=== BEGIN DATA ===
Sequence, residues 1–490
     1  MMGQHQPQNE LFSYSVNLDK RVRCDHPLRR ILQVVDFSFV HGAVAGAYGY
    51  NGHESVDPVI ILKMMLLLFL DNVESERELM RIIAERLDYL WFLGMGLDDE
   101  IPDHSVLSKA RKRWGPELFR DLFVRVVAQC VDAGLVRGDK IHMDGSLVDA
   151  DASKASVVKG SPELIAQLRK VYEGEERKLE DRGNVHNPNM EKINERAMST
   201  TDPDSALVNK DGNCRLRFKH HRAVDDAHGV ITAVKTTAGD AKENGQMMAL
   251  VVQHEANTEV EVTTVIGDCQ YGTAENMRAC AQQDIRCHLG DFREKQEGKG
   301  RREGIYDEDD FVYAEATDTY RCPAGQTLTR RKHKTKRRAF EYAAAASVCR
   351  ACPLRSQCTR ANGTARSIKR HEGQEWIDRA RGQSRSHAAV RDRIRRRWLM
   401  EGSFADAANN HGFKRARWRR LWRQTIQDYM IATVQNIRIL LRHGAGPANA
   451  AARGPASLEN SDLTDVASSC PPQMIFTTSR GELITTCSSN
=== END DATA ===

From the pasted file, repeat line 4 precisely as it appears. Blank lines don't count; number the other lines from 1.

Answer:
   101  IPDHSVLSKA RKRWGPELFR DLFVRVVAQC VDAGLVRGDK IHMDGSLVDA